No, not a post about Cabbages, nor a post about what the Walrus said “of cabbages and kings”, but a post about our Cabbage Trees. Ti Kouka in Maori, Cordyline Australis in Latin, a tree so common in New Zealand that it is easily taken for granted and overlooked.
We have at least two of these trees in our garden now and as I have sat sniffling and snuffling over the past four days I have noticed flower heads emerging from our trees.
I learnt from Ruth here that Cabbage Tree flowers have a beautiful scent and on that calm afternoon on Thursday I could just smell a delicate perfume when I was out near the larger of the two trees.
Keruru, New Zealand’s native wood pigeon love the flowers and seeds of these trees so I am pleased to extend our bird resort facilities further with the sight of an abundant flowering about to happen.
I was further surprised to peer over the supermarket car park wall and spot this stunning sight. It is rare to look down into the head of a cabbage tree as they stand very tall, very quickly but here was a gem to cheer me on.
There is quite a line-up of cabbage trees below this wall and they offered me various photos of flower heads emerging and flowers blooming.
Unfortunately any scent was being blown away in the spring winds. Like many of our native trees this flowering season is looking to be a boomer.
The Man of the House and I have fallen prey to a miserable virus. There is a line-up of immune boosting supplements, cold and flu relief products, boxes of tissues, cough lozenges and extra fluid options in evidence at the moment.
We have needed an abundance of healing vibes and green is a colour for that. The beautiful light and my need for some fresh air drew me out into the garden on Thursday as the sun was lowering in the sky. Greens everywhere took my eye and offered freshness and something of a mirror to our current vulnerability.
Fresh and new growth does not always survive an onslaught.
But in a turn for the better, as the dreary symptoms begin to abate, I spotted this beauty as I ventured down to the shop for some more cough lozenges for the MoH. It heralds a return to being “in the pink” once again and we are really looking forward to that!
By the way…..this is a Chinese Toon tree and it always reminds me of Dr Seuss and his wonderful stories and rhymes which hold so much wisdom and offer so much fun and laughter (which is the best medicine!!)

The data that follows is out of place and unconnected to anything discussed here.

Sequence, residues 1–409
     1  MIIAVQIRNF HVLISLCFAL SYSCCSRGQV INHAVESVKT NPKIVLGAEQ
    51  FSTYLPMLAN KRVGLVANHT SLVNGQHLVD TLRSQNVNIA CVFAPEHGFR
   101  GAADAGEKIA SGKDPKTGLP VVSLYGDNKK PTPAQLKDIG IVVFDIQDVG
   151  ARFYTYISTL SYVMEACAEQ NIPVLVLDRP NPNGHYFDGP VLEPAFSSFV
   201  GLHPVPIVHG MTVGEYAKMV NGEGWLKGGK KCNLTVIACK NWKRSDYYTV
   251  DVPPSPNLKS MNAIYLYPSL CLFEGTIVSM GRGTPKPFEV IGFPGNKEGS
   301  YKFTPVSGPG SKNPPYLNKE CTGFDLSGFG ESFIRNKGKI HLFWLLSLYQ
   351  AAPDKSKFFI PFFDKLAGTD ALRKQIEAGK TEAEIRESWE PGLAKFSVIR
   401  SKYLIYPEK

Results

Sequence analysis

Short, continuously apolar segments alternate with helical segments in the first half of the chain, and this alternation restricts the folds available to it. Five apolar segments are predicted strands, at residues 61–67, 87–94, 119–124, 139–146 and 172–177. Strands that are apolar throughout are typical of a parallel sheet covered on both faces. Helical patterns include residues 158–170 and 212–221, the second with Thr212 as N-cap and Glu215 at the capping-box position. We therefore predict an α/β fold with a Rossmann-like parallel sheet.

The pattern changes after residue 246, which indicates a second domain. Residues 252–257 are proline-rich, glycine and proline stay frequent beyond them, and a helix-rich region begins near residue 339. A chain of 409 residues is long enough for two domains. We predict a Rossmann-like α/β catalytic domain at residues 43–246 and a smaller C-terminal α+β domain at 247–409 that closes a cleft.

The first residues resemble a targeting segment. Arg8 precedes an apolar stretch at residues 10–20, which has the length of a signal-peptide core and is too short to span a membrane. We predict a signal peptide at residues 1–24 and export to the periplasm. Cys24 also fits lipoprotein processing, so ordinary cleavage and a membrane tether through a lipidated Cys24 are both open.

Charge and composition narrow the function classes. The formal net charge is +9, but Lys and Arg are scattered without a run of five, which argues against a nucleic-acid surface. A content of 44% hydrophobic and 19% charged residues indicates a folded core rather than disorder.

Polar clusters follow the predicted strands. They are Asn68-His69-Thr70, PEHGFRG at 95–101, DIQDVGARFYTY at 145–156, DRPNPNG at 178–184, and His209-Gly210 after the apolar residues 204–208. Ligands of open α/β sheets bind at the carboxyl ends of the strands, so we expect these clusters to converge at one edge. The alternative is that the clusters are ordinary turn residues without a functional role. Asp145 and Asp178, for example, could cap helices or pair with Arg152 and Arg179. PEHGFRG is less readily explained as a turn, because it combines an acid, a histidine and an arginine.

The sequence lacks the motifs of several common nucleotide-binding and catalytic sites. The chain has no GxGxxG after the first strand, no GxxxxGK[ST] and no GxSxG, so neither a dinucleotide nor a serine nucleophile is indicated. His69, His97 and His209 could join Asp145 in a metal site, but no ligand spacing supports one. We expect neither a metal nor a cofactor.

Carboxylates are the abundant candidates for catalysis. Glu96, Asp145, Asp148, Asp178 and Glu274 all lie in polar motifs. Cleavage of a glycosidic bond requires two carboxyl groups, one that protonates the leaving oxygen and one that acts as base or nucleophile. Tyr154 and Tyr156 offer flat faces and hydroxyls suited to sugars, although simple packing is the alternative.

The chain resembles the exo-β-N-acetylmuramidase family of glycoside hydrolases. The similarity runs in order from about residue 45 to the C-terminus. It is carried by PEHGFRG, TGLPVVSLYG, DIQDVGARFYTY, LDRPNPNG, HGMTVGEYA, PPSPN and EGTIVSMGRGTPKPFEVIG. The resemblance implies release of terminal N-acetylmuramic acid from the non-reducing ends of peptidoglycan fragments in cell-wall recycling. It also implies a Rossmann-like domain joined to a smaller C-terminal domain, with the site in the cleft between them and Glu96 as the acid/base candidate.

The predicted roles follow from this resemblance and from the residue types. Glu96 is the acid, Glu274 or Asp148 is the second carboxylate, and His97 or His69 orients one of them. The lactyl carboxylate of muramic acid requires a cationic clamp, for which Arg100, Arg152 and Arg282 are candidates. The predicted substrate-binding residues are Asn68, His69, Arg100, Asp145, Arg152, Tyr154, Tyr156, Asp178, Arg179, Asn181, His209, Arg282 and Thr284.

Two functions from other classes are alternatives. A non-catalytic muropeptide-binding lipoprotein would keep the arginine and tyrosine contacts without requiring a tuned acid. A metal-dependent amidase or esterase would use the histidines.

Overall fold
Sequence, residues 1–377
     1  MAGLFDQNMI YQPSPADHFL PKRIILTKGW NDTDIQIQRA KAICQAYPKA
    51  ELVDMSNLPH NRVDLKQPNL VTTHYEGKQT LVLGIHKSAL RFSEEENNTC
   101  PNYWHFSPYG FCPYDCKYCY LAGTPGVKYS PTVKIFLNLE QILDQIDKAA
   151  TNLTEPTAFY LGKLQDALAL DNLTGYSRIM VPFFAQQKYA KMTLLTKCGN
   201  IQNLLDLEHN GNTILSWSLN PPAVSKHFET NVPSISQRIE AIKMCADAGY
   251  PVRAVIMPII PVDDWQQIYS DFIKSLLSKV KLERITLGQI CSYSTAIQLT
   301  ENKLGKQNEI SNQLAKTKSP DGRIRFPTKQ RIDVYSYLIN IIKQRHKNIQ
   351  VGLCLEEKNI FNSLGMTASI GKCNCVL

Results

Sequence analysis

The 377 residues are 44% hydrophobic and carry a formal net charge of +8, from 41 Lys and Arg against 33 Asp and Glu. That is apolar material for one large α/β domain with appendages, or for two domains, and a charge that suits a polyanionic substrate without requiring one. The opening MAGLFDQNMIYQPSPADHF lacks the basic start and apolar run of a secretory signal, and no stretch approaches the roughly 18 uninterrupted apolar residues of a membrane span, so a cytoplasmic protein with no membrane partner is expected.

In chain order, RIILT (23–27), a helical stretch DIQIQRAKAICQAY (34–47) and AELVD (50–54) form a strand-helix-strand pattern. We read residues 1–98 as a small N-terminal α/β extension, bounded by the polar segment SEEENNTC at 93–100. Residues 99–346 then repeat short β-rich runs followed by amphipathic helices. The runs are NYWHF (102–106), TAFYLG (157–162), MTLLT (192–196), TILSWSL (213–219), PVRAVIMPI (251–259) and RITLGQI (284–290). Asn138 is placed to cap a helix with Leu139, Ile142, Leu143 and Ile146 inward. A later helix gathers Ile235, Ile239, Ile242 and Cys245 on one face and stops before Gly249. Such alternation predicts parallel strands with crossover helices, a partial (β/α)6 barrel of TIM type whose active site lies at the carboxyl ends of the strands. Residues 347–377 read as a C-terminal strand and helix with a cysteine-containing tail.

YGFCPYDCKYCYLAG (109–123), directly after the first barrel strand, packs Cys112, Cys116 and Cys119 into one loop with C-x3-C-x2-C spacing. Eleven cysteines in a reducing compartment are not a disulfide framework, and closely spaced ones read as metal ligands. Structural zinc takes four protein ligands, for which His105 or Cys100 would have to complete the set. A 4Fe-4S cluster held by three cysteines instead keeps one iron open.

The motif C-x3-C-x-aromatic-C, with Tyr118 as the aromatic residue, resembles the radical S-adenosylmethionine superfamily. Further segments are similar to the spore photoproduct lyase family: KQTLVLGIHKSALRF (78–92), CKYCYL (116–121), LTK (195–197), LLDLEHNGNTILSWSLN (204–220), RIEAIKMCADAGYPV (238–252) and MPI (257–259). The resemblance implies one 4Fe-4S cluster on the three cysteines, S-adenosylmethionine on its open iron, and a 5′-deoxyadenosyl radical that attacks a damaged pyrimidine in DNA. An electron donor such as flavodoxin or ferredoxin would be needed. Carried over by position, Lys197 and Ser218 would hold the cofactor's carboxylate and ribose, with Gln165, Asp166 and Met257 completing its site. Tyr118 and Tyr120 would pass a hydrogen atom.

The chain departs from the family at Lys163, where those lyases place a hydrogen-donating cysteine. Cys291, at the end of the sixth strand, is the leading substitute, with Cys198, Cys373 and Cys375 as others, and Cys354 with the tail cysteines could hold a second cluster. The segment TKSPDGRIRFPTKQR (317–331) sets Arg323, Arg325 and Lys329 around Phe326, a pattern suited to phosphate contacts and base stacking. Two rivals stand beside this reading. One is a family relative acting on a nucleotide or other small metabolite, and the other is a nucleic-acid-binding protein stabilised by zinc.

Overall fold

You can go here to find out more about this amazing tree and how it has even more medicinal uses.
Do you use Twitter, that short, succinct message system? I don’t but as of last weekend the Tuis have definitely been in touch with each other in their own twittering way.
You may remember my post at the beginning of the month detailing the facilities we offer to Tui. At that point I was still waiting for a Tui to find and drink from the nectar feeder we have put up in the garden to supplement their food supply. Well someone has sent out a “tweet” in the Tui world…..
My patience has been rewarded with Tui now calling regularly to the feeder and, along with the many wax-eyes who visit it, cause it to empty in around 48 hours.
We have all enjoyed watching the Tuis arrive and drink their fill of the sugar/water combination. While taking sharp, close-up photos has been a challenge, we have been able to spy their long, narrow yellow tongue which they use to brush nectar from flowers and which plays some role in their ability to drink.
The proximity of large trees near to the feeder seems to be helpful. Tui, from my observations, prefer to be in taller trees and thrive on bouncing from limb to limb to eat. There are times when they bounce on to the fence,
along the fence
and then on to the feeder.
They are nervous and watchful and generally do not loiter, although on rare occasions one might perch on the fence and sing for us briefly. Generally they prefer to sing from this tall Magnolia.
I hope you can see something of their gorgeous plumage. On sunny days this is particularly striking with its turquoise iridescence set against strong black and white feather patterning.
What a delight to have Tui call in the garden in such a clear vantage spot.
Some of our learned scientists are wondering if New Zealand is experiencing a “masting” season after a warm winter which has seen plenty of rain fall.
A “masting” season is when the native trees produce an exceptionally heavy crop of seeds thus providing abundant food for many of our native birds and ensuring the regeneration of native trees once the birds have eaten the seeds.
There is a downside to a “masting” season as numbers of rodents and ground dwelling predators have an abundant food supply too which means young birds are at greater risk.
Before seeds come flowers and a “masting” season could account for the bounty of Griselinia flowers in my garden and the abundance of kowhai flowers on every Kowhai tree at the moment.
These flowers on a tree in the St Alban’s Church grounds at Pauatahanui were feeding two Tui while I visited yesterday.
Such intense gold and delicate beauty providing nectar to the birds.